We're going to be talking about the relationship between the Cincinnati side of the river and the Northern Kentucky side of the river. I think it's important, and I'm coming to this as a Northern Kentucky guy who feels like, you know, I've infiltrated Cincinnati. (Laughs). And because I've got this chair now and get to talk into a microphone to the masses, rather than just staying in Covington, I'm really looking forward to exploring this strange and fun and important relationship between these two sides of the river. Because it is very complicated, and I find it fascinating and interesting. There are very significant issues out there that literally connect them, like the bridges and the need to address infrastructure issues, and how will we go about doing that collaboratively?

Then there are other significant issues such as the media. The mass media in this market is almost exclusively focused on stuff that's happening in Cincinnati, and that's to Northern Kentucky’s detriment. I'm also a big fan of the art scene around here, and I'd like to find some creative ways to talk about creative people. Rather than just having people come on and plug a play or an upcoming concert, I'd like to get in to why Cincinnati is so fortunate to have the art scene that it has and how we're able to sustain that.

Outside of that, I'm looking forward to just doing more creative storytelling in general. So while this is mostly a news talk show, with some lifestyle components to it, I'm a storyteller myself, and I'm going to be taking out the recorder and meeting the community and interviewing people and trying to produce some creative stories that will be injected into the program.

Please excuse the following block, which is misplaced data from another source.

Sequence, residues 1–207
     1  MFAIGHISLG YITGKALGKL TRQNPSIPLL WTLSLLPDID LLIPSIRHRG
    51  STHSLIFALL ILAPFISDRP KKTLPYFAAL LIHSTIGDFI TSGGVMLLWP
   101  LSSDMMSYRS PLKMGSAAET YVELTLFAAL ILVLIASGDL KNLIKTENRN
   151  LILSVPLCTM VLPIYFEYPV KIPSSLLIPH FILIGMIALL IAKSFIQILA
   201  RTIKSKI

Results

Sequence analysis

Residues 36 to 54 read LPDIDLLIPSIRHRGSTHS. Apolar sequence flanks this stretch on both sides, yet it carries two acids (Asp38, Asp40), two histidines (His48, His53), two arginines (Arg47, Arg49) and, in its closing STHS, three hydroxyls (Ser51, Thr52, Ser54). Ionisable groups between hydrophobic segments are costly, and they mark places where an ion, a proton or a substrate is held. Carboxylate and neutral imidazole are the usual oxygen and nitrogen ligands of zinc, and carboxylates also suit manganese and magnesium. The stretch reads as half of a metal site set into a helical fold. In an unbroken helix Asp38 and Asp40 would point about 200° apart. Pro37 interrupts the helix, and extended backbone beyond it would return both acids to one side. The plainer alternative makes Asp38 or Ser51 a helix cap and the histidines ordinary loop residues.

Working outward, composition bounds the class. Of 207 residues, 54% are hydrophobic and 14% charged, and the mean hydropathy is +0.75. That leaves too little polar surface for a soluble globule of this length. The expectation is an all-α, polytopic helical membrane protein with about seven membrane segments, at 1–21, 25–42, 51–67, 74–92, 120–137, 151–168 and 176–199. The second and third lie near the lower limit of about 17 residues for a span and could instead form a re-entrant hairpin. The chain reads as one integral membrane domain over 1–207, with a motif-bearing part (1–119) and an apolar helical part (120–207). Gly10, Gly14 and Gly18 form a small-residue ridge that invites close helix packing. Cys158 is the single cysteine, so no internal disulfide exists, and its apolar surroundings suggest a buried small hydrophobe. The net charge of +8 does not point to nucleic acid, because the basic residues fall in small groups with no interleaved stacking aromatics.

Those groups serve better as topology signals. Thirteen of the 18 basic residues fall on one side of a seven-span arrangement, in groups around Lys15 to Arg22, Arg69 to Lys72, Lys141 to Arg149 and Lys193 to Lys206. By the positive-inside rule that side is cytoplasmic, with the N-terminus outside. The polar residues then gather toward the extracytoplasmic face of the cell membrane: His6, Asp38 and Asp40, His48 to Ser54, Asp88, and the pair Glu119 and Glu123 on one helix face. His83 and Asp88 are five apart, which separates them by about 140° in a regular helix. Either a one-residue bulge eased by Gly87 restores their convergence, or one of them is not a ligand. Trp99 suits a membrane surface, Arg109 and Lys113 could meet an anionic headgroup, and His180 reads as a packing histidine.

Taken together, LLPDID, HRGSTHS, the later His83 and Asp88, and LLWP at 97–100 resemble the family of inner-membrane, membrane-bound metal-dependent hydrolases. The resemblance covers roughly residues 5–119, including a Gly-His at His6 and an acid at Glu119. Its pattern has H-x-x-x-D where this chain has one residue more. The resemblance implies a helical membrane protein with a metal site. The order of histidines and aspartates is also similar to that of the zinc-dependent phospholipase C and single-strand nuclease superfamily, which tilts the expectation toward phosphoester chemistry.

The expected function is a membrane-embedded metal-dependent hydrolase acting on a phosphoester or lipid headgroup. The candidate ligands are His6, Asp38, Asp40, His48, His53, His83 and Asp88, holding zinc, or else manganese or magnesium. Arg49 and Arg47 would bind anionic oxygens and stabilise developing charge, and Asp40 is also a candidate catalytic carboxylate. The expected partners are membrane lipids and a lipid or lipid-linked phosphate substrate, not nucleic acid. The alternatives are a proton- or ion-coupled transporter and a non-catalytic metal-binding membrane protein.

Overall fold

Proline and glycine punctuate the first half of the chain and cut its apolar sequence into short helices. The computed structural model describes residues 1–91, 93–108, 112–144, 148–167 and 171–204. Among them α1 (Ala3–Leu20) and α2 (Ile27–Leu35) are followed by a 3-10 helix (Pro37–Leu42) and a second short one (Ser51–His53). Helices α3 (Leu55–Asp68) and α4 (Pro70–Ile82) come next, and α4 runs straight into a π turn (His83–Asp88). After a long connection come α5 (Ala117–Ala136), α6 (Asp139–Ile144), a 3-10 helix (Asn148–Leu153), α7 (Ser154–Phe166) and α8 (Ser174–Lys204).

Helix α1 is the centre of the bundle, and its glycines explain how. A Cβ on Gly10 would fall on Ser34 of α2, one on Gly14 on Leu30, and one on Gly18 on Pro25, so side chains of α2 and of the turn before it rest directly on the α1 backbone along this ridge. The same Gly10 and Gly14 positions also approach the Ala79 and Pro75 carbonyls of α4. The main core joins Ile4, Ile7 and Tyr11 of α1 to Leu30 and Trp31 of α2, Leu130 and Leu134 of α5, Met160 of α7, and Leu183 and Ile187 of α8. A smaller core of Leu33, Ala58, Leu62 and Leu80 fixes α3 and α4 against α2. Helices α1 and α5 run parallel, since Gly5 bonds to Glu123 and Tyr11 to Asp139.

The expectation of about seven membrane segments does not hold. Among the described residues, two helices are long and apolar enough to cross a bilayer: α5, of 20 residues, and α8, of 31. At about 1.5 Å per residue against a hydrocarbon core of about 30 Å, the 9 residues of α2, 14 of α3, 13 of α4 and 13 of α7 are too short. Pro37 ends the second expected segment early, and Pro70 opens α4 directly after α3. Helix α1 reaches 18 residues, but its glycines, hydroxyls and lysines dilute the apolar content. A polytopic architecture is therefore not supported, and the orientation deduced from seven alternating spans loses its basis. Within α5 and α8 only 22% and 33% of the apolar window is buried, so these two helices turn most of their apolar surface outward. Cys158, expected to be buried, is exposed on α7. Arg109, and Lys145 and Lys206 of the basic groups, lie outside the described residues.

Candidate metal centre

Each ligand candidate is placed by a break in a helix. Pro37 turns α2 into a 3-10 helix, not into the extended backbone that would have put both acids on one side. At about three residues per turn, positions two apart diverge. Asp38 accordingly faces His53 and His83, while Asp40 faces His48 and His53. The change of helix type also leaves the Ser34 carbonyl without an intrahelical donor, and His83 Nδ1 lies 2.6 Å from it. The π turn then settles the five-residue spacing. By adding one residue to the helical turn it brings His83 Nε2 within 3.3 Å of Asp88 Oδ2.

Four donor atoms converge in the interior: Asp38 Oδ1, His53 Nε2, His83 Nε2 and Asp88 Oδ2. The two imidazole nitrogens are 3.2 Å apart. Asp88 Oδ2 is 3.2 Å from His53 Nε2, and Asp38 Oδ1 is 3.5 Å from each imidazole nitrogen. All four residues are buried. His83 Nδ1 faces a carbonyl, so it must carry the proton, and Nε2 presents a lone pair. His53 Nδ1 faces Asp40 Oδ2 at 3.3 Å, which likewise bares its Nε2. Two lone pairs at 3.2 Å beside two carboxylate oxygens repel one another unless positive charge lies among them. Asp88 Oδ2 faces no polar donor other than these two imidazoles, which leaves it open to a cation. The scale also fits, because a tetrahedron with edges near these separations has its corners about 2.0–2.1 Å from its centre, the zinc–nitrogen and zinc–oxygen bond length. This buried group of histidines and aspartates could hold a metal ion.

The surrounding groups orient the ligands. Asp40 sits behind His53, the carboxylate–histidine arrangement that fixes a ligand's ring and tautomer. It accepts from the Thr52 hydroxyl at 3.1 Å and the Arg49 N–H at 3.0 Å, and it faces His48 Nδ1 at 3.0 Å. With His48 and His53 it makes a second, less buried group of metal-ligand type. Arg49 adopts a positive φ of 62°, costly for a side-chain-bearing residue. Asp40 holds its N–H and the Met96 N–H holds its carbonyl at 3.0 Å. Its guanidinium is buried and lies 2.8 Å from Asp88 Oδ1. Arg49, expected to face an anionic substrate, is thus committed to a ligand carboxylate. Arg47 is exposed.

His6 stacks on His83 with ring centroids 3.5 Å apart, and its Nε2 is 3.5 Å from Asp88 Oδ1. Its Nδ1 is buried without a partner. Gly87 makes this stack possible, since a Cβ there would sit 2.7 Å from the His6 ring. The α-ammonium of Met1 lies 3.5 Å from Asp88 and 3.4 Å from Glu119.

What are two favorite stories you’ve covered in your career, and what does that say about how you will be as a host?

I always fall back on this one and I hate that, but I’m so associated with it, I can’t get away from it, and that’s the story of the Goebel goats escape of several years ago. (Editor’s note: In what was supposed to be a parade in 2016, seven goats escaped and wandered through Covington. Monks broadcasted the incident live on Facebook as it went viral.) That’s one that will be big for me. I’ll always be associated with those goats, which is strange for somebody that is terrified of animals.

One I’d point to that’s a little more general was the 2018 election coverage, because that's an area that Northern Kentucky really struggles with because of its lack of proper media. I feel like I did my best work this year, because I hosted about a dozen debates for multiple cities, and was able to broadcast them all live on Facebook.

So is that a little hint of what we’ll get, one story is entertaining and lighthearted and the other is civic-minded and impactful?

That’s exactly right. You have to keep in mind that I’m also an actor and I do a lot of community theater. I really am the comedy and the tragedy. That is my face.

I read at one point in your life you thought you’d like to be a college basketball coach. If that had worked out, what local school would you choose to be at?

Oh, NKU, without a doubt. I’m an underdog and I love an underdog.

I grew up a big UK fan, and it’s been an interesting perspective to go from being a fan of the all-time greatest college basketball program to this upstart program. But I’m an alum and I love it. This fits me better. I’m a scrappy kid from Covington who feels like I’ve had to overcompensate and overachieve in order to be on the same playing field, and that’s what they do. And that’s the kind of program I would want to lead. But you can bet regardless of where I’d be coaching there would be jacket-throwing and profanities and I would be ejected on a regular basis.

So what do your parents and your old friends who’ve known you the longest think of this new turn in your career?

I think everybody's really excited for me. This feels like the biggest opportunity I've ever had, and I think they all recognized that before I did.

I guess I've been so caught up in just the day-to-day work and building this thing that I have in Covington that this just felt like another project for me at first. But to watch all the love come in and all the excitement, it finally caught me that I'm doing something bigger now. And I’ve got a lot of people rooting for me, so I feel a lot of gratitude for that.